Shue Vang, a 29-year-old school teacher from Fresno California who also happens to be living with Muscular Dystrophy, recently received quite the invitation. When members of the non-profit group F5 Challenge learned that he has Muscular Dystrophy and has not been able to hike in over 20 years, they reached out to see if he might be up for joining them at their annual event this past September in Zion National Park. The group planned to hike the popular 2.5-mile Angels Landing Trail to the peak of the fin-like rock formation that juts approximately 1,500-ft straight up out of the floor of Zion Canyon. Vang was to be their guest of honor. According to Board Chair Calvin Kim on the F5 Challenge Website:
“When we found out one of our F5 member’s (Tara Vang) younger brother had muscular dystrophy (causing paralysis below the waist), we wanted to do something special for him!”
Despite the fact that he is paralyzed from the waist down and is slowly losing the use of his arms as well, to his credit, Shue’s immediate response was simply: “I am down for anything.”
The F5 Challenge Website states that “the goal of F5 is to enrich lives through genuine ‘face to face’ fellowship and exciting adventure challenges in a faith-enriching environment. We were not created to just be stagnant and sit around but we were made to move! We encourage everybody to go outside and discover new things in life. Through our events, you will find courage and motivation to overcome not just fitness challenges but also daily life challenges.” The 5 “F’s” in F5 Challenge are Faith, Fellowship, Fitness, Fortitude, and Fun.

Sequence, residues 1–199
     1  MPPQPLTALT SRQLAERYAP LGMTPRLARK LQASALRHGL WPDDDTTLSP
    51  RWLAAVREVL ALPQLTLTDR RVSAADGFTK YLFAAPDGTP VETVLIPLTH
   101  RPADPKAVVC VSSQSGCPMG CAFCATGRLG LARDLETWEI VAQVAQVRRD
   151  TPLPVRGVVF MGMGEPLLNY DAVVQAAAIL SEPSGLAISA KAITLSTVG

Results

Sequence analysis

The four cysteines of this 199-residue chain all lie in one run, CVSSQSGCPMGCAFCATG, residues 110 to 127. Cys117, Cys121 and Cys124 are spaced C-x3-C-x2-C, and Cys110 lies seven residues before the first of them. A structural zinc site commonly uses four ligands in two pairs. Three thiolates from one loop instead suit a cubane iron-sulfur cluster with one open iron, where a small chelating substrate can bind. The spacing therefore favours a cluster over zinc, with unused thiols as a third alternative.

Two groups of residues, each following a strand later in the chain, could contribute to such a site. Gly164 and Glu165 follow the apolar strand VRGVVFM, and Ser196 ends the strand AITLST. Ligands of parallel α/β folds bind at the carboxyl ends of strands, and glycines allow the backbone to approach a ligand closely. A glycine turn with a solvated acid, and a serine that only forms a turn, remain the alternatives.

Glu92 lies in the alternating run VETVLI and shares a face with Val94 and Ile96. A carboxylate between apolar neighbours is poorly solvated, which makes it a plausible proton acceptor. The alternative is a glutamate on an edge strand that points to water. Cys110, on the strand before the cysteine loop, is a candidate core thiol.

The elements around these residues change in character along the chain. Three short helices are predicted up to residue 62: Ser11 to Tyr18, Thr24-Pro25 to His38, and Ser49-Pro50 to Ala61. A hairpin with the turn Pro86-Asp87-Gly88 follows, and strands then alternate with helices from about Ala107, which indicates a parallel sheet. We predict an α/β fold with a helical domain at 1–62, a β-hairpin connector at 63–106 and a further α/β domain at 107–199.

As you can imagine, a group this motivated to make an impact on the world around them had no shortage of members ready to pitch in to help make certain that Vang would make it to the top of Angels Landing. They gathered in the park on the morning of September 29, 2019, after having completed a test ascent just the day prior at nearby Checkerboard Mesa to accomplish just that. The group planned for Vang to ride in his own wheelchair as far as possible on paved trails before switching to other methods. They would use a crossbar secured under the chair with a rope attached to it to pull him up the easier paved sections, and then transfer him to a backpack specially designed to carry people while hiking. Teamwork and perseverance paid off, and a short time later, the group reached the top of Angels landing with Vang, where they all shared an emotional moment celebrating their collective accomplishment. As he stated on televised local news coverage of the event, for Shue Vang:
“The best feeling I got wasn’t just getting to the top, but having all those people willing to help me get there.”